As racists across the country melt down over Nike’s new Colin Kaepernick ad celebrating his activism, one Republican county official has resigned over Facebook posts that called black football players who protest police brutality “baboons” and “ignorant blacks.”
Carla Maloney resigned as secretary of the Beaver County Republican Committee after local outlet the Beaver Countian published some of the garbage she wrote and shared on a personal Facebook page under her old name, Carla Belich Fueller, which has since been deactivated. Here are some of the opinions she reportedly shared online:
The posts began, “Tired of these over paid ignorant blacks telling me what I should believe in. I will tell you what I believe in and that is our Flag and National Anthem and America period end of story. You don’t like it here go to Africa see how you like it there. We are all Americans not African American not Hispanic American. WE ARE ALL AMERICAN.”
“What we have in this country right now is reverse racism. I am so sick of the name calling, rioting, shooting, and looting. I don’t know when but there will be another civil war in this country soon (sic) than later.”
“Steelers are now just as bad as the rest of the over paid baboons. You respect your flag, country and our national atnthem (sic). How many men and women have lost limbs or died to protect this country and you baboons want respect. If you want respect you need to earn it and so far you haven’t. Stop watching, or going to a game and paying for over priced food, water and tickets. Lets see how the baboons get paid when white people stop paying their salaries.”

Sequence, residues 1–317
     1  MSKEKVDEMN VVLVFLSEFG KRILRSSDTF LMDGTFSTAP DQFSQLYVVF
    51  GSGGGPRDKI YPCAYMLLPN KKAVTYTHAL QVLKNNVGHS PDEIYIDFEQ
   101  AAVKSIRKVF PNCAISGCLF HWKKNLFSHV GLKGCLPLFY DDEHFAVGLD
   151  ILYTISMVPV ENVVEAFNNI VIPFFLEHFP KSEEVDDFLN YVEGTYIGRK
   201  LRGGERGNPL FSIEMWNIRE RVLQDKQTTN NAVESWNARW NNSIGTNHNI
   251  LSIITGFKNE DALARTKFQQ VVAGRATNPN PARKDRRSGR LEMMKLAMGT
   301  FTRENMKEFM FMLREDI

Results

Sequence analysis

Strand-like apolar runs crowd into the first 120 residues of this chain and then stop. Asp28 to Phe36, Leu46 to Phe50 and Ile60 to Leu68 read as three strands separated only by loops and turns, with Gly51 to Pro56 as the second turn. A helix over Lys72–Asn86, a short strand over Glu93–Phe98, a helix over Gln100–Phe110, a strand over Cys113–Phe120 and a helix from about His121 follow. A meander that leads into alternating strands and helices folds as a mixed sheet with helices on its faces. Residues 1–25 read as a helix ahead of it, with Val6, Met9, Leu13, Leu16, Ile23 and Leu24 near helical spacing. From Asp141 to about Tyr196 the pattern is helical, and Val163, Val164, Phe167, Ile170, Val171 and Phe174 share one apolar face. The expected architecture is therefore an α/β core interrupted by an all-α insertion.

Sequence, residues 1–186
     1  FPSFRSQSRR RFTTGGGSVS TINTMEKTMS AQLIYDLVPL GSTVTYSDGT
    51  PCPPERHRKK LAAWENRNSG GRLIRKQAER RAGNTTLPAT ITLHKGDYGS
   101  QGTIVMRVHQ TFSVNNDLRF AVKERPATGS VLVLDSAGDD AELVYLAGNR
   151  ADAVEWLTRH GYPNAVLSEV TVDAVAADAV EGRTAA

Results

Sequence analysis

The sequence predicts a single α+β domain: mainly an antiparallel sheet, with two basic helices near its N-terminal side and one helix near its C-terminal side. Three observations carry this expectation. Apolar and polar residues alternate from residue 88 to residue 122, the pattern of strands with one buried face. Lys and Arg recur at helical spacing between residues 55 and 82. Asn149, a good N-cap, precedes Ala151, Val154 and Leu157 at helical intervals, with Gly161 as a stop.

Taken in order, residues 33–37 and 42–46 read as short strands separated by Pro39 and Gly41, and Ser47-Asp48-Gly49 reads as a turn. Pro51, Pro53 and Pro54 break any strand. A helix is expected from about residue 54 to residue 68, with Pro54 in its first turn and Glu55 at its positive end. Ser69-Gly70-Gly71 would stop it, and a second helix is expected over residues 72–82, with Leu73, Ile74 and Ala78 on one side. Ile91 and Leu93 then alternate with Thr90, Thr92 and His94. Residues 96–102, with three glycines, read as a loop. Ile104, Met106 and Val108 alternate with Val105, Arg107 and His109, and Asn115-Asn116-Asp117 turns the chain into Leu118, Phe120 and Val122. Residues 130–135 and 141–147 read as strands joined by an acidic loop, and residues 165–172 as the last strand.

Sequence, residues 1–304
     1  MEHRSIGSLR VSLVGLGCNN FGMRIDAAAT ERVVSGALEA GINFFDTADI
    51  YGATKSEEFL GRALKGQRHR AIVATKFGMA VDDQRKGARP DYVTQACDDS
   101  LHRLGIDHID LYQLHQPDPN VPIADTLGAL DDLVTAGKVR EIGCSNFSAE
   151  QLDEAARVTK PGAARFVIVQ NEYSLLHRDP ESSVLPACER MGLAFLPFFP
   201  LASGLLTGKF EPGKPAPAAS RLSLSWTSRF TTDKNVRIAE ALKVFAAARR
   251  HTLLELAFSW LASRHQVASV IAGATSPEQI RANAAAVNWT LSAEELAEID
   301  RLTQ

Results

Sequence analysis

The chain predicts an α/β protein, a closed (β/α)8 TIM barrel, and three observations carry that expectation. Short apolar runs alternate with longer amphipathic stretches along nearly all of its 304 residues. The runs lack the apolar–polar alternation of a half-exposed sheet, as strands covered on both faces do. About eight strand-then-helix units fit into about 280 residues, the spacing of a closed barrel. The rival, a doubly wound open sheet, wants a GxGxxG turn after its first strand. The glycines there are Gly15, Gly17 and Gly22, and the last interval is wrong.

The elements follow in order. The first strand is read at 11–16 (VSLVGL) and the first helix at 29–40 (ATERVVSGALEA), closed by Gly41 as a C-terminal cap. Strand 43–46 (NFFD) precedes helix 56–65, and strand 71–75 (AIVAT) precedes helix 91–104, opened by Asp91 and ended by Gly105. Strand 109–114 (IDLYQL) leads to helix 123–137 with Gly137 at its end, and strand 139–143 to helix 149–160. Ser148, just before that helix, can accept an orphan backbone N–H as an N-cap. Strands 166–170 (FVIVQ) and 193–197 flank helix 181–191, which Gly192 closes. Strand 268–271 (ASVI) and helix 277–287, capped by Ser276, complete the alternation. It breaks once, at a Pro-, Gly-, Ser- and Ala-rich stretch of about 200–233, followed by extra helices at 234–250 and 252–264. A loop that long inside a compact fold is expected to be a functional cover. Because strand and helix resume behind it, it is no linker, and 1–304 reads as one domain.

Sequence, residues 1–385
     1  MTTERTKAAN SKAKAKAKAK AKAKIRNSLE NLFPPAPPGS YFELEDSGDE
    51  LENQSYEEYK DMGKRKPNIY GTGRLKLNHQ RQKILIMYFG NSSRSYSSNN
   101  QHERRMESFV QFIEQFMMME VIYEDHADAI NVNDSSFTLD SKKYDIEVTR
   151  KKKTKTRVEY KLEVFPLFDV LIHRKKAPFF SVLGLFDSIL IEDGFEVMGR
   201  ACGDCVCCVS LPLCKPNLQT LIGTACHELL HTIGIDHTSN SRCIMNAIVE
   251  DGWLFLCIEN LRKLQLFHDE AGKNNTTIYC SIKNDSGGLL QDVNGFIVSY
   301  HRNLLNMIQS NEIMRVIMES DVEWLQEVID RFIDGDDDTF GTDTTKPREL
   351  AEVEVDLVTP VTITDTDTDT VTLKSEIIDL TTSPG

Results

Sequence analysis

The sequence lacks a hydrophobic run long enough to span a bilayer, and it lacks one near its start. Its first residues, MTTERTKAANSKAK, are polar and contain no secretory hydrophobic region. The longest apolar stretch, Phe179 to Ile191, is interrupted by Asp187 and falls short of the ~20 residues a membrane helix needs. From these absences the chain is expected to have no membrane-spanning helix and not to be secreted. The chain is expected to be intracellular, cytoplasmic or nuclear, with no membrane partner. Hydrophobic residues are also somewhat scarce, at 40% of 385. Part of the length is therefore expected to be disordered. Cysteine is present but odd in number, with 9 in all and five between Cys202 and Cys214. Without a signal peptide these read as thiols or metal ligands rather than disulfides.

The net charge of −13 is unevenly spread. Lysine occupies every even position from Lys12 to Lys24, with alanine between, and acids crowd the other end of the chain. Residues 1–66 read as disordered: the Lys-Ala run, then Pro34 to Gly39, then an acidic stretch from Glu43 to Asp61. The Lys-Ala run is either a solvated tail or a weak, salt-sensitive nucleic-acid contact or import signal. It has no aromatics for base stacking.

In her resignation letter, Maloney wrote, “I know my posts and comments were disrespectful to not only the people I love, but families across the country,” but added that the posts were not meant to be public—they were “the result of an ongoing family dispute.”
CBS News points out that Maloney, an ardent Trump supporter, appeared on CNN’s The Van Jones Show in July alongside a panel of voters and made this invaluable contribution to the dialogue when listing the most pressing issues in America: “What about the black community that has one father or one mother?”
In her letter, she wrote, “I know I am a better person than this and, as I step away from these public positions, I will work to show everyone who I truly am,” but her own words and actions tell us that this is exactly who she is.